10 In­done­sian firms set for IPOs this year, mostly in Q2

The China Post - - WORLD BUSINESS - ANGGI M. LU­BIS

IT so­lu­tion provider An­abatic Tech­nolo­gies and oil and sur­veyor firm Gelom­bang Seis­mic In­done­sia (GSI) will be the lat­est com­pa­nies in In­done­sia to go public this year af­ter a weak first quar­ter that saw just two ini­tial public of­fer­ings (IPOs). The bourse is seek­ing 32 IPOs this year.

With An­abatic and GSI hav­ing met with In­done­sia Stock Ex­change (IDX) rep­re­sen­ta­tives on Fri­day to fi­nal­ize their IPO, there are now 10 com­pa­nies slated to make their public de­but this year. The other eight firms have met the same re­quire­ment, lo­cally known as a “mini ex­pose,” in which they present their IPO plans and fi­nan­cial per­for­mances to the bourse.

Most of the com­pa­nies pre­par­ing their IPOs are in the prop­erty sec­tor: PP Prop­erty (a sub­sidiary of state-run con­struc­tion firm Pembangunan and Peruma­han; Pu­radelta Les­tari (a firm un­der Si­nar Mas Land); Mega Ma­nung­gal Prop­erty; and Bi­nakarya Jaya Abadi.

The other com­pa­nies are Sara- toga group-af­fil­i­ated min­ing firm Merdeka Cop­per and Gold; Lippo group ca­ble TV provider In­done­sia Me­dia Tele­visi; au­to­mo­tive man­u­fac­turer Garuda Me­talindo and Val­lianz Off­shore Mar­itim.

Most of the firms are ex­pected to en­ter the mar­ket by the end of the sec­ond quar­ter. An­abatic Tech­nolo­gies and GSI ex­pects their shares to be listed on the bourse in June,

“Ten days from now, the IDX will send a let­ter to the OJK (Fi­nan­cial Ser­vice Author­ity) to no­tify (the body) about An­abatic’s IPO plan,” said Agung Sid­harta, pres­i­dent and direc­tor of Ba­hana Se­cu­ri­ties, which will un­der­write An­abatic Tech­nolo­gies’ IPO.

He de­clined to elab­o­rate on the de­tails of the IPO, such as the amount of shares that will be of­fered, the ex­pected funds to be raised, or the al­lo­ca­tion of pro­ceeds for An­abatic Tech­nolo­gies’ ex­pan­sion plans.

An­abatic Tech­nolo­gies was founded in 2002, fo­cus­ing in pro­vid­ing in­te­grated IT so­lu­tions for a va­ri­ety of busi­nesses, in­clud­ing bank­ing, telecom­mu­ni­ca­tions, phar­ma­ceu­ti­cals and gov­ern­ment. The com­pany ex­panded into In­dia last year, set­ting up a sub­sidiary arm in Ban­ga­lore.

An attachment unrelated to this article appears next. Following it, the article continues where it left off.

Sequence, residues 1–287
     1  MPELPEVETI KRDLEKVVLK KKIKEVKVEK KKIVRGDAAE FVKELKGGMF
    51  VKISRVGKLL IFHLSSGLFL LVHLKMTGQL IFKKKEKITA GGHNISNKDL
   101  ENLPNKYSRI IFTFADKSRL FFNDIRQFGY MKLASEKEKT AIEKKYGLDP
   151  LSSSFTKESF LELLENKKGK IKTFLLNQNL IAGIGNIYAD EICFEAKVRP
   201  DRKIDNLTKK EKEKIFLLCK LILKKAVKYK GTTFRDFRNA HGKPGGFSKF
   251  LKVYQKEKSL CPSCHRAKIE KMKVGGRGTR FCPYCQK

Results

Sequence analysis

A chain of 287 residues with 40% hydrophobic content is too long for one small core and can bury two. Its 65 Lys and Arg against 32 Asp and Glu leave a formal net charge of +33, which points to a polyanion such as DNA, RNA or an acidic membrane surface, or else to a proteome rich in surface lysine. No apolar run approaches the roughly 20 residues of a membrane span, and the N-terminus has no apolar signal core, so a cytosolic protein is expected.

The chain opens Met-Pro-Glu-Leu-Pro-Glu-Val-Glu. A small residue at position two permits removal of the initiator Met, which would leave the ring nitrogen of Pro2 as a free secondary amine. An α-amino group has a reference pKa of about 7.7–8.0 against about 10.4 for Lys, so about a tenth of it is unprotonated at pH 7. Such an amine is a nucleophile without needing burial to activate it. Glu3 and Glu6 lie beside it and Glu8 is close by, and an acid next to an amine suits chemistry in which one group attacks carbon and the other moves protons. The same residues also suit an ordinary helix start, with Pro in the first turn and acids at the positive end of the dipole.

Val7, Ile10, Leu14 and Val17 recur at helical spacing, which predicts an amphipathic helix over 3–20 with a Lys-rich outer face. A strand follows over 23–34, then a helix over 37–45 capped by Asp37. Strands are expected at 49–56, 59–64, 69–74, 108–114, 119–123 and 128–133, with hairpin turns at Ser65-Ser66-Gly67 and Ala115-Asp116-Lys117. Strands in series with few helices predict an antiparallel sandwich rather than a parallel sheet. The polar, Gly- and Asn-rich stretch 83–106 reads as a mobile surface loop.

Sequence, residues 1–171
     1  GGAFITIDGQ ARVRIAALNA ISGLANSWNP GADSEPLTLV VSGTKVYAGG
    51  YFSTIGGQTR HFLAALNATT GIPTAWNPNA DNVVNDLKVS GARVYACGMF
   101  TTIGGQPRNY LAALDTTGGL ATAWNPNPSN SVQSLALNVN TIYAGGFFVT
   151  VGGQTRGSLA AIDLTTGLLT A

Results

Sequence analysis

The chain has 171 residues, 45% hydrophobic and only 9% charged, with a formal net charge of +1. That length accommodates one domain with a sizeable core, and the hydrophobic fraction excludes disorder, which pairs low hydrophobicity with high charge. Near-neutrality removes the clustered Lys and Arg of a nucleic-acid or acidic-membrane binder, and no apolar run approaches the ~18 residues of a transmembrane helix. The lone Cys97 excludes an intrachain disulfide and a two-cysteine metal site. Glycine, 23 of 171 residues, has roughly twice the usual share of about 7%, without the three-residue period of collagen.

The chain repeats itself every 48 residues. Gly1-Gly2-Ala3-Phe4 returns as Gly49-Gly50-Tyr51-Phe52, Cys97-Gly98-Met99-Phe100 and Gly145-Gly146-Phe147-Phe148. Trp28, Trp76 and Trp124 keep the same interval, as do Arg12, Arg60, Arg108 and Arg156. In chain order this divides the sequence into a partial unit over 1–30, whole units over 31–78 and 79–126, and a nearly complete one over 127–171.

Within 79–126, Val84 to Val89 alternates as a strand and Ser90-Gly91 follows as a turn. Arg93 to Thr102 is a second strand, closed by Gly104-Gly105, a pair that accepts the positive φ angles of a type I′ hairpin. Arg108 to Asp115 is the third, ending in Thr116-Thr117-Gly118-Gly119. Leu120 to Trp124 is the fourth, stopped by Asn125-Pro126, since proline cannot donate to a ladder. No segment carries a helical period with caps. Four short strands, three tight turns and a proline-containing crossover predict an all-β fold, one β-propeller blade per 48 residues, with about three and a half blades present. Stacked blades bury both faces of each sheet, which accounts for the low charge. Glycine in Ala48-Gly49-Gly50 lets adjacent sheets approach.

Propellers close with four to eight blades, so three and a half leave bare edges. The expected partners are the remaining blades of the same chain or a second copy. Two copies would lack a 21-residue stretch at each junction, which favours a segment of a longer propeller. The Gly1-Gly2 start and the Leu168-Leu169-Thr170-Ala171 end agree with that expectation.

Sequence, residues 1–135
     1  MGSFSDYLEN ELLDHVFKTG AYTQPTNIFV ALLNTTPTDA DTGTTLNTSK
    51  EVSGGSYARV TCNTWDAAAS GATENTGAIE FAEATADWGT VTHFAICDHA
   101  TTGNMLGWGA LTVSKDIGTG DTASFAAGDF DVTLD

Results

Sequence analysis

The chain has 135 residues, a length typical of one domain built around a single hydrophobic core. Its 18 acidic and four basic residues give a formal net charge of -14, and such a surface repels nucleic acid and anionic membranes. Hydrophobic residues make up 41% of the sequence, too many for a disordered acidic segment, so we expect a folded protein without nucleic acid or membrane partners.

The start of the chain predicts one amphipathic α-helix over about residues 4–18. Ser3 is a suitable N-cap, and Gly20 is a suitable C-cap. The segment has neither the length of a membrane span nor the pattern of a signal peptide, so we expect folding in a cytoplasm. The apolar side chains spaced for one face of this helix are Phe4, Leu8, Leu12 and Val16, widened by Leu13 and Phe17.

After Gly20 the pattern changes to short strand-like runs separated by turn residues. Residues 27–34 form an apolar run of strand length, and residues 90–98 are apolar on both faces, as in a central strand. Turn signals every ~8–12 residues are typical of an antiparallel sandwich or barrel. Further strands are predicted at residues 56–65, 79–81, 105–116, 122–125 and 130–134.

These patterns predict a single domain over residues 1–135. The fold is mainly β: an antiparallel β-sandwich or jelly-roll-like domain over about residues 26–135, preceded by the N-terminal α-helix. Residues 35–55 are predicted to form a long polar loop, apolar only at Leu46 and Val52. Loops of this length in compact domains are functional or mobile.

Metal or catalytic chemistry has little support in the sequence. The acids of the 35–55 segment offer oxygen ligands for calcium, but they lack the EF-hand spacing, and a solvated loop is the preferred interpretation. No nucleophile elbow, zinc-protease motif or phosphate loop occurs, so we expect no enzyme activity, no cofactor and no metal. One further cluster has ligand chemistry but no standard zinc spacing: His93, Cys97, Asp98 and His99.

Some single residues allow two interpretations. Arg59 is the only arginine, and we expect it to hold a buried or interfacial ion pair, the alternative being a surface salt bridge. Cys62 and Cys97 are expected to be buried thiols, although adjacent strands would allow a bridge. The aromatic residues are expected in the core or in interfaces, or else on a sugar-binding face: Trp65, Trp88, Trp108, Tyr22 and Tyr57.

GSI is an oil and gas ex­plo­ration com­pany spe­cial­iz­ing in pro­vid­ing 3D data.

Hen­dra Kus­tarjo, pres­i­dent direc­tor of Panca Global Se­cu­ri­ties, which will un­der­write GSI’s IPO, said GSI would float around 30 per­cent of its shares.

“The com­pany is rel­a­tively small in as­sets, amount­ing to less than 1 tril­lion ru­piah (US$77.52) mil­lion, but its port­fo­lio has reached Mozam­bique. It is also cur­rently bid­ding for a US$80 mil­lion project,” he said.

“The com­pany will use 70 per­cent of pro­ceeds from the IPO for its cap­i­tal ex­pen­di­ture, while the re­main­der will be al­lo­cated for work­ing cap­i­tal.”

The bourse aimed to have 32 com­pa­nies en­ter the lo­cal stock mar­ket this year, but so far only two com­pa­nies have listed their shares on the bourse since Jan­uary — the poor­est first-quar­ter show­ing in five years.

The two com­pa­nies are hos­pi­tal op­er­a­tor Mi­tra Kelu­arga Karyase­hat, which raised 4.45 tril­lion ru­piah, and Bank Yudha Bakti, which took up 58.6 bil­lion ru­piah from the stock mar­ket ear­lier this year.

The lack­lus­ter IPO en­vi­ron­ment is re­flec­tive of the cau­tious ap­proach of lo­cal com­pa­nies amid a ru­piah de­pre­ci­a­tion and weak eco­nomic growth that is ex­pected to im­prove only marginally in Southeast Asia’s largest econ­omy this year.

The ru­piah dropped 5.3 per­cent in the first quar­ter — the worst per­for­mance in Asia af­ter Malaysia’s ring­git — ac­cord­ing to Bloomberg data. Mean­while, the gov­ern­ment’s eco­nomic growth tar­get of 5.7 per­cent has been deemed overly am­bi­tious, with econ­o­mists down­grad­ing pre­dic­tions to near 5 per­cent, the low­est level in five years.

With the re­cent boom in de­mand over U.S. dollar as­sets due to the re­cov­ery of the world’s top econ­omy and a po­ten­tial rate- hike by the U.S. Fed­eral Re­serve cen­tral bank later this year, sell­ing pres­sures have been preva­lent in emerg­ing economies, in­clud­ing In­done­sia.

In­done­sia’s stock mar­ket has grown by about 5 per­cent so far this year, much less than China’s near 25 per­cent surge and more in line with the gains of other coun­tries in the re­gion, such as Thai­land and Sin­ga­pore (about 3 per­cent) and Malaysia (4.7 per­cent).

De­spite the chal­lenges, IDX pres­i­dent direc­tor Ito War­sito pre­vi­ously said he was op­ti­mistic the bourse could reach its tar­get of hav­ing 32 com­pa­nies go public this year.

“Most IPO can­di­dates are still wait­ing for their au­dited 2014 fi­nan­cial re­sults. We ex­pect more firms to go public in the sec­ond or third quar­ters,” Ito ex­plained.

The lo­cal stocks’ bench­mark Jakarta Com­pos­ite In­dex (JCI) has con­tin­ued to break records this year, and over­seas in­vestors have bought nearly 7 tril­lion ru­piah worth of stocks — more than they sold.

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